Bonus: Follow me on Instagram @taralynne0 for my own stories adventures. Of course, only if you’re ready for stories on beekeeping, backyard chickens, and foodie fun in addition to SEO!

    storyboard

    Storyboard example for stories marketing.

  4. Long-form content. In a session on developing personalized content, Ogilvy’s Executive Director of Strategy and Planning, Alberto Brea shared, “Most brands are moving to long-form content.” Long-form content has been a Google-friendly factor for a few years. Brea explained that it’s all about the moment. In his words, “The moment is the message.” In any piece of content, long or short, consider how that moment resonates with your audience.
    Bonus: The post you’re reading right now is long-form content!
  5. Customize. As Godin so eloquently put it, “What we have to learn to do is speak to different people differently, because different people hear differently.” In several sessions I attended, speakers mentioned the WIIFM factor. What’s in it for me? Your audience is asking that. Curate an experience that suits a particular audience. Whether you’re segmenting email lists for your email marketing efforts, or developing an Instagram storyboard custom for a particular niche among your followers, stop delivering broad messages for the masses.
    Bonus: Check out tip #1 from my re-cap of the 2015 Internet Summit. It’s about a process for developing customer personas.
  6. Email still reigns. According to Jen Capstraw, Adobe Marketing Cloud Consultant, “Email is accessed more than social media on mobile.” In her session on email marketing, Capstraw stressed deciding your call-to-action and subject line before writing your email. Since email is accessed prominently on mobile, conduct multiple tests on mobile devices to ensure the message displays properly. What I learned in these sessions is making me consider switching from the email marketing provider that I have used for more than a decade, mainly because they don’t appear to offer a mobile-friendly format!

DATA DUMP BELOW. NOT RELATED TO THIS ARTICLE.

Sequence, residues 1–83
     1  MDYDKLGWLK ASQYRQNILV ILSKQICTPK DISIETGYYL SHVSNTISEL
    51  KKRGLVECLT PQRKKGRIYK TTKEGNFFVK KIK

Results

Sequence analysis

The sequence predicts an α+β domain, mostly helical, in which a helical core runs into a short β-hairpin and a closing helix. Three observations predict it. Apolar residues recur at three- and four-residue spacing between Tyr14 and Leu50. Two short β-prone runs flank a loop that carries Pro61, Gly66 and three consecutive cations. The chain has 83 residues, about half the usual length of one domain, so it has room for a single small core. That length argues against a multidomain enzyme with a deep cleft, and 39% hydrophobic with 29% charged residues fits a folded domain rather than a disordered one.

Bonus: Capstraw is co-founder of Women of Email. Free to join!
  7. Mobile-first v. mobile-only. The first age of mobile is ending. That’s what Michael Trapani, Product Marketing Leader at IBM Watson explained. He reminded us that the first iPhone came out a decade ago. 2007! (Can you believe I only got my first smartphone in 2013?) Trapani also reminded us that mobile devices are no longer used primarily when we’re in between computers. Now mobile devices are the easiest ones to access, so they’re often the primary device of choice. It’s become so paramount that  in other sessions I attended, the speakers stressed we are now in a mobile-only world. If you’re writing content or considering UX, stop reviewing a desktop experience first. In Tony Marlow‘s session, he explained that 1 in 5 people are mobile-dominant, and by 2020 that number is forecast to be 50 percent. Marlow is the Vice President of B2B Marketing at Oath.
    Bonus: If you haven’t already, test your website to ensure it’s mobile-friendly.

There is so much more that I want to share, but I’m still deciding the best format to relay everything I learned at the summit. Blog, stories, video, day-long seminar…there are so many options. For now, there is a lot of work ahead with just the few items I shared above. Are you making changes to your website, social media, and marketing efforts? Share in the comments!